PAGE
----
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A feathered T-rex? It's possible, says BYU geology lecturer on Dec. 1

Paleontologist Philip Currie of the Royal Tyrrell Museum of Paleontology will be speaking at a Brigham Young University Geology Seminar on Wednesday, Dec. 1 at 3 p.m. in C295 Eyring Science Center. His talk is titled "Feathered Dinosaurs and the Origin of Birds." Admission is free.

The once-heretical idea of a feathered T-rex is now mainstream due to recent discoveries of feathered, non-avian dinosaurs in Lower Cretaceous rocks of China. Many feathered dinosaurs sport a down-covered body, a fan-like cluster of feathers on the tail, well-developed feathers on the arms and, in some cases, on the legs. Some North American dinosaurs are closely related to these Chinese dinosaurs and many, including tyrannosaurus and Utahraptor, were likely feathered.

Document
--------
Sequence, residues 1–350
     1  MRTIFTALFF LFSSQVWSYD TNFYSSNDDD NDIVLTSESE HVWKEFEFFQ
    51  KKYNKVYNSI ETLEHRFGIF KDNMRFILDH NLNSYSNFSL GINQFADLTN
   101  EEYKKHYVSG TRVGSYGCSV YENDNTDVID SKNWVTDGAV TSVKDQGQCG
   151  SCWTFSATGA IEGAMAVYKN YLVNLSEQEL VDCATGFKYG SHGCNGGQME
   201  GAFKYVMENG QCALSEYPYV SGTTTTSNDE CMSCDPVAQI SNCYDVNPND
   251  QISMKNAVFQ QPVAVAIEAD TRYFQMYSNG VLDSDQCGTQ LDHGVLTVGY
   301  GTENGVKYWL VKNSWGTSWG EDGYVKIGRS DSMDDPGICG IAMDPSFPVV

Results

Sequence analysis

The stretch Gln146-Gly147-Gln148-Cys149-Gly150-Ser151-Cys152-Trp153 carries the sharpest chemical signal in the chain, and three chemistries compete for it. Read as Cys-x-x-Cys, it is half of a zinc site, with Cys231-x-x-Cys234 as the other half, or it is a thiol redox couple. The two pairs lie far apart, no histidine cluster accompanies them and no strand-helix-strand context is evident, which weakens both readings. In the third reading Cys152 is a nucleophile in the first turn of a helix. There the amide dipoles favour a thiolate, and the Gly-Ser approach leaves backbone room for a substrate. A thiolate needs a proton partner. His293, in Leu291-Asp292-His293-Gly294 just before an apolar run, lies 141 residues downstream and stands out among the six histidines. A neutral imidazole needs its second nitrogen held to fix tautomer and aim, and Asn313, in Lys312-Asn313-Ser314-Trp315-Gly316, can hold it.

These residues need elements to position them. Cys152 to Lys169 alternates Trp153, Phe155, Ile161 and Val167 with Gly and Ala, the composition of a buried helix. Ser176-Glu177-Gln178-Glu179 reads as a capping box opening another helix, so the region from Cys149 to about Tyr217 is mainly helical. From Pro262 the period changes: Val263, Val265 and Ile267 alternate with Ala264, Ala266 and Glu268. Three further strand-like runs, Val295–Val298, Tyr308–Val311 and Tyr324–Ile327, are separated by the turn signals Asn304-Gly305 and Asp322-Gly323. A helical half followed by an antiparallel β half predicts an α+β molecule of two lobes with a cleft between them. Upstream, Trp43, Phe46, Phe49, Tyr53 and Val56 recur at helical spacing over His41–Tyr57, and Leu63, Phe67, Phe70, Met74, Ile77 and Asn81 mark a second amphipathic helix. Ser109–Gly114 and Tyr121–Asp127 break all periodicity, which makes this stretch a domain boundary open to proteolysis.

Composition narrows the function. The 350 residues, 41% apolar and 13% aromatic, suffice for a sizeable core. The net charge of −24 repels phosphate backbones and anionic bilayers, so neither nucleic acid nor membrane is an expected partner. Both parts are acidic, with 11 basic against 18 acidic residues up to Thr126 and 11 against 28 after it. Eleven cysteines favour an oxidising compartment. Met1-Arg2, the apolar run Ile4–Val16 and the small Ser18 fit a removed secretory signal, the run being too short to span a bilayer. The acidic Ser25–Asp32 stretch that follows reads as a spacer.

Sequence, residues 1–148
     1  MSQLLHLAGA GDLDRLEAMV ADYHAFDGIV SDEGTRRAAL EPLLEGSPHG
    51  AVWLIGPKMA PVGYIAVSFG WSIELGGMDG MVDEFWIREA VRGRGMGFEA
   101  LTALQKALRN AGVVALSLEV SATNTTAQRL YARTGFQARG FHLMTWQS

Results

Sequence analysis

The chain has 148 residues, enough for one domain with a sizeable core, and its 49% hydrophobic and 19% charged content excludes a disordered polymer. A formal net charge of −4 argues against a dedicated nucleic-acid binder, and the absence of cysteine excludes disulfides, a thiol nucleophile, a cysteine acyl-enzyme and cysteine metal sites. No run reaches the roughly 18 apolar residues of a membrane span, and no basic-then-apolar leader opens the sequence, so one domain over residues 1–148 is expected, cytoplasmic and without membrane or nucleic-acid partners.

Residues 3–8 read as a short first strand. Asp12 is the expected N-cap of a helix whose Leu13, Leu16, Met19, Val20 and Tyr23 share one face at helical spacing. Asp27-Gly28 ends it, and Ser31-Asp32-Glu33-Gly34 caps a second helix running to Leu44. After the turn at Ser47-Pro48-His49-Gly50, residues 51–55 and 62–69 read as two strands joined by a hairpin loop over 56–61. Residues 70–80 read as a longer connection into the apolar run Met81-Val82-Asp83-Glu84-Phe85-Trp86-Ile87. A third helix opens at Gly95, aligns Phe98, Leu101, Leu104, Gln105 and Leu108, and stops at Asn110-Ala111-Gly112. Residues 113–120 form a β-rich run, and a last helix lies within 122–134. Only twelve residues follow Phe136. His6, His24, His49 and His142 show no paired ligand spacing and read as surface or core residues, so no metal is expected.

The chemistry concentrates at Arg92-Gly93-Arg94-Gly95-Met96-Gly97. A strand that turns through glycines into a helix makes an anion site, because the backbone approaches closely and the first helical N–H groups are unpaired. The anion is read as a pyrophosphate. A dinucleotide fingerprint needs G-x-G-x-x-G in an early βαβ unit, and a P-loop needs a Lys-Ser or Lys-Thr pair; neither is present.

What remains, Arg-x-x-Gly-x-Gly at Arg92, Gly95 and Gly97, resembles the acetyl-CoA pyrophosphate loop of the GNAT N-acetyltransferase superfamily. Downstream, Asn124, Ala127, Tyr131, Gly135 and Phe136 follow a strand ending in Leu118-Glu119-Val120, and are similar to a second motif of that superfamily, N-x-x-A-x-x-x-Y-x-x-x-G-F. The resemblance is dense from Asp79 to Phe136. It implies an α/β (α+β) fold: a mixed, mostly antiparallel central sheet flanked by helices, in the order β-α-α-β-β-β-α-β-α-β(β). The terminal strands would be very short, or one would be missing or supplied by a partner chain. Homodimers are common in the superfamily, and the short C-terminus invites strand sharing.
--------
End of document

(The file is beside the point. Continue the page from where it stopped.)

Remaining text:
Currie, an expert in theropod dinosaurs, will discuss the latest discoveries and what they tell us about the connection between dinosaurs and Earth's most common tetrapods—birds.

More information and a photograph of Currie can be found at

Currie is an American Association of Petroleum Geologists 2004-2005 Distinguished Lecturer. His talk is sponsored by the AAPG and BYU's Department of Geology. For more information, contact Brooks Bitt at (801) 422-7316.

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